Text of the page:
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by Sam Hurwitt 

When COVID-19 pandemic precautions started closing venues in March of 2020, theaters were hungry for any information about what they could expect. That’s when consulting firm WolfBrown began to put together the Audience Outlook Monitor, an international research project reporting back on shifting attitudes and concerns of theater audiences over time.

Headshot of Alan Brown in a black suit, white shirt, and pink tie. He is a white man with blue eyes. He has short shaved grey hair, and a grey goatee. He is smiling showing his teeth.

Alan Brown

“Last March, when our country started shutting down and our venues started closing abruptly, it quickly became clear to me that our sector would need a mechanism for hearing from audiences about how they feel about coming back, because ultimately audiences vote with their feet,” says WolfBrown principal Alan Brown. “Whatever policies are in place or not in place, the audience members ultimately will make up their own minds about whether they’re ready to go out. So I had to conceptualize this study in the period of a couple of weeks, a process that would normally take months. We designed a longitudinal tracking study, which means that data is collected at regular time intervals. And of course then we thought COVID would be over in like five or six months.”

WolfBrown partnered with performing arts service organizations across the country, including Theatre Bay Area and others such as Arts Boston and the League of Chicago Theatres, to poll theater audiences in their regions and disseminate the resulting data to local arts organizations. Its final report came in mid-November.  

“It was unlike any study I’ve ever done before, in that there was no time for statistical analysis and report writing,” Brown says. “We had to get the results into the hands of arts managers in real time.”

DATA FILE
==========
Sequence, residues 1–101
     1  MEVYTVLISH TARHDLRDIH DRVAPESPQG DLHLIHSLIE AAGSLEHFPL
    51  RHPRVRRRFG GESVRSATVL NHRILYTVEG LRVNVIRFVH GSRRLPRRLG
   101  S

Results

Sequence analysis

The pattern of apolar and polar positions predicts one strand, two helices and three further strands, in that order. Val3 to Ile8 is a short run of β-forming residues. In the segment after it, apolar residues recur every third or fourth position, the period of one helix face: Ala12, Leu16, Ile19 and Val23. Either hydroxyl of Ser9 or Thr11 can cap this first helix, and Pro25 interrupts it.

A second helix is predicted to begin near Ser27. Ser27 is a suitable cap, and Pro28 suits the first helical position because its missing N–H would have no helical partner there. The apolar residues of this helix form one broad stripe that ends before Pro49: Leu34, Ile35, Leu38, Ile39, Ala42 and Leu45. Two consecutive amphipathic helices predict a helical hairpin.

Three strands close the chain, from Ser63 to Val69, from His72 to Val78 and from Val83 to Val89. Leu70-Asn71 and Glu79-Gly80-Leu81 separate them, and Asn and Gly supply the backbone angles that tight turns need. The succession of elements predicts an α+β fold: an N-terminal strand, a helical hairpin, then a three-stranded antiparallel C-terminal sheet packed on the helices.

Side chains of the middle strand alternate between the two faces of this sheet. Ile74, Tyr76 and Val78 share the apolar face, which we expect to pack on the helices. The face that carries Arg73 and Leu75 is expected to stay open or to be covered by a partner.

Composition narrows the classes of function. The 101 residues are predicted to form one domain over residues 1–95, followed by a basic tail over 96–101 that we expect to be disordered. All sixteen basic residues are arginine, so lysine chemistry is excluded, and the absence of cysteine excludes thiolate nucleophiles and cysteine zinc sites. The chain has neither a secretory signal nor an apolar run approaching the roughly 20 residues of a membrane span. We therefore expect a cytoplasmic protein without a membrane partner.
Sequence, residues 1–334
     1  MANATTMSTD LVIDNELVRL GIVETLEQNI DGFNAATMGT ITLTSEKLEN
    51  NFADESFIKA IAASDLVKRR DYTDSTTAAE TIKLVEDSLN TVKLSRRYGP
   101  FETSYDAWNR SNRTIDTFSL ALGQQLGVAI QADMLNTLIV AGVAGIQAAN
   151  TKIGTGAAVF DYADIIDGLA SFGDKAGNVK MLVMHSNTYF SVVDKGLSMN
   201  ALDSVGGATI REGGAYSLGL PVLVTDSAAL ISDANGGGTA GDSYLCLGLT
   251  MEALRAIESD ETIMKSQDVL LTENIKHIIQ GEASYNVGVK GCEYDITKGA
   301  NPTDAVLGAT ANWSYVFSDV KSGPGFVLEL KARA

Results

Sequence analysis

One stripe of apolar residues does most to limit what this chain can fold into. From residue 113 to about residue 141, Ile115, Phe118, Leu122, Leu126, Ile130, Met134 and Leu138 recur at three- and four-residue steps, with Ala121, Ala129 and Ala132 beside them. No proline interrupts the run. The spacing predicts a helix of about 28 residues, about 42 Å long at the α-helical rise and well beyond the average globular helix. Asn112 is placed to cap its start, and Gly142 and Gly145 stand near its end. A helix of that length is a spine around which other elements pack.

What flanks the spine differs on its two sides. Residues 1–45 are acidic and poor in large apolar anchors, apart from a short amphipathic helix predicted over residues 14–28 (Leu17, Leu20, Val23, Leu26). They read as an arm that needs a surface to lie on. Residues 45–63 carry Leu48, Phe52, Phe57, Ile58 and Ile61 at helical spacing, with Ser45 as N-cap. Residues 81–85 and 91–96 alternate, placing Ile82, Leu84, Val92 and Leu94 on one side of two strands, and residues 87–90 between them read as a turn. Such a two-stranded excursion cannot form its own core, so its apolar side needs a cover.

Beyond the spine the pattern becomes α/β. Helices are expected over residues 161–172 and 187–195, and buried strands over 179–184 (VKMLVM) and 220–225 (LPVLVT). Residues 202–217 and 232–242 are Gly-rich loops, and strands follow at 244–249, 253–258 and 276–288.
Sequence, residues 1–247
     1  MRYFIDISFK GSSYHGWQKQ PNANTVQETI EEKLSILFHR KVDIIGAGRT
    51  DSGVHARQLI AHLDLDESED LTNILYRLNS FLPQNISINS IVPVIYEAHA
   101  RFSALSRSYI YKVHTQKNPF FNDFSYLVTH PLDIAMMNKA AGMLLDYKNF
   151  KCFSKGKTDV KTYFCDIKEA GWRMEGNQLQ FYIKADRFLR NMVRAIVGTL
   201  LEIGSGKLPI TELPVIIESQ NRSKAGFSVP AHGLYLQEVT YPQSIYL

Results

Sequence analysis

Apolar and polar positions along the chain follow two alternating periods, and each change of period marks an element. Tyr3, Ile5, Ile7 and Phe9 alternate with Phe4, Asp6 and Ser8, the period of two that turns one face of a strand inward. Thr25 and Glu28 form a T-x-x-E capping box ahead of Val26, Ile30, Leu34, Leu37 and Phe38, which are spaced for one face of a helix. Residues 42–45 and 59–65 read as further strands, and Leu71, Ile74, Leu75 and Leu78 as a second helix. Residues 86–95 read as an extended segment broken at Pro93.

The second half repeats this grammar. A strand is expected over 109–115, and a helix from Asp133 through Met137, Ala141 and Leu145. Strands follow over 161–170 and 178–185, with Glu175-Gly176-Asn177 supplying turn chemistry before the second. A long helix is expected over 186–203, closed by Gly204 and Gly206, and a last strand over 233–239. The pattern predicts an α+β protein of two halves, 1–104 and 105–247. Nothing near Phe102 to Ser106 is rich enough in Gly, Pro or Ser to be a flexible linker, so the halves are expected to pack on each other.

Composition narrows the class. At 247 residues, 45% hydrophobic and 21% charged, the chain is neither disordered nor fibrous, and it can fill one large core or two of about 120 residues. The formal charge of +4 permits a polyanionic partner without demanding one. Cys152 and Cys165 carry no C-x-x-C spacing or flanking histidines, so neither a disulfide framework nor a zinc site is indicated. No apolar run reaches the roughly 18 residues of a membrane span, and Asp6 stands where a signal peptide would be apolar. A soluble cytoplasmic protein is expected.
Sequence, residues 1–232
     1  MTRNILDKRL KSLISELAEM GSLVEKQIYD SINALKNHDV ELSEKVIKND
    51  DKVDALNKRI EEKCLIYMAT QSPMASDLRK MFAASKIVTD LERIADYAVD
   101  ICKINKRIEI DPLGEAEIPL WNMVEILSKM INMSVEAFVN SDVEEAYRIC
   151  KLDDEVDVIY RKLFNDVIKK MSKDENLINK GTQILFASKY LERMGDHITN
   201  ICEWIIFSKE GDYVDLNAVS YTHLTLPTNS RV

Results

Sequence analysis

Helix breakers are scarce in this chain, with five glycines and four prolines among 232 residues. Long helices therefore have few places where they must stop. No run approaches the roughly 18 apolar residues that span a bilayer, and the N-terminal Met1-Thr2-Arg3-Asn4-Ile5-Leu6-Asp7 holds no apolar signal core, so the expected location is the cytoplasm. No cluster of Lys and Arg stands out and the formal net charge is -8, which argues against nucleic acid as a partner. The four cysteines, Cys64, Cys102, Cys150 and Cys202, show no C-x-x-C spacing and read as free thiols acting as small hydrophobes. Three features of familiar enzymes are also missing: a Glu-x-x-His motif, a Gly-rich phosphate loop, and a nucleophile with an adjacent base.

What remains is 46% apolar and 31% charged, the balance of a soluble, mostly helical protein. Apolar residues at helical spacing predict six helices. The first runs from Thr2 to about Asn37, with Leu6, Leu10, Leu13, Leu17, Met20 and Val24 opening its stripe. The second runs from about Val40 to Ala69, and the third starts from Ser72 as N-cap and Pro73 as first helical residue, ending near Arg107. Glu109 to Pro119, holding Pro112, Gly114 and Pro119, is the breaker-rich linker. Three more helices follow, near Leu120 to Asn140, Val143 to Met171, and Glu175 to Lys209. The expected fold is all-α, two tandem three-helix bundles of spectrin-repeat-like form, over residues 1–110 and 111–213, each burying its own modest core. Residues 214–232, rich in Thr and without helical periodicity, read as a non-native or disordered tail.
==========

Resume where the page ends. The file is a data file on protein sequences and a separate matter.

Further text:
That timely information proved vital for participating organizations. 

Headshot of Susie Medak. She is a white woman with short curled grey hair and blue eyes. She is wearing a black top with small grey dots on it. she is leaning against a brick wall and  smiling for the camera

Susie Medak

“Early on, this sense of isolation hit very hard. It was so unclear what was unique to any of us and what was universal,” says Berkeley Repertory Theatre Managing Director Susie Medak. “I think we were all struggling with the fact that we were living in a universe where you couldn’t make any assumptions. And not having information was compounding the problems we were having. I felt I couldn’t manage from a position of instinct, of learned experience, because everything was new.”

“I’ve heard anecdotally that it informed a number of companies about when they would reopen,” says Theatre Bay Area Executive Director Brad Erickson. “And also, when we were working with performing arts groups around a common protocol around COVID, we could point to these surveys to say, if we all go together and say that you have to show a vaccine card and you have to wear a mask the whole time you’re in there, this is going to actually encourage people to come back.”

The researchers adapted the study and its polling questions in each round to adapt to new conversations around topics such as distancing, proof of vaccination once it was available, and participation in digital programs. 

“Between December and April, 90 to 95% of all arts audiences got vaccinated. And then it became, okay, now that you’re vaccinated, what are your issues?” says Brown. “Because we discovered that a lot of vaccinated folks were not ready to go out yet. One of the things we learned is that arts audiences are consuming media and are very influenced by the media. And when the New York Times writes stories about breakthrough infections and vaccinated people getting long COVID, people are influenced, because arts audiences are voracious readers. And then Delta variant hit and knocked the wind out of demand. Between July and August, we lost about 20% of demand. Delta variant set back our sector by five months.”

There were also a few international partners involved, in countries such as Australia and Canada, which provides some interesting contrasts in terms of the impacts of completely different governmental policies on the attitudes of arts audiences. Certainly different messaging and policies in different states and cities around the US have also had a noticeable impact.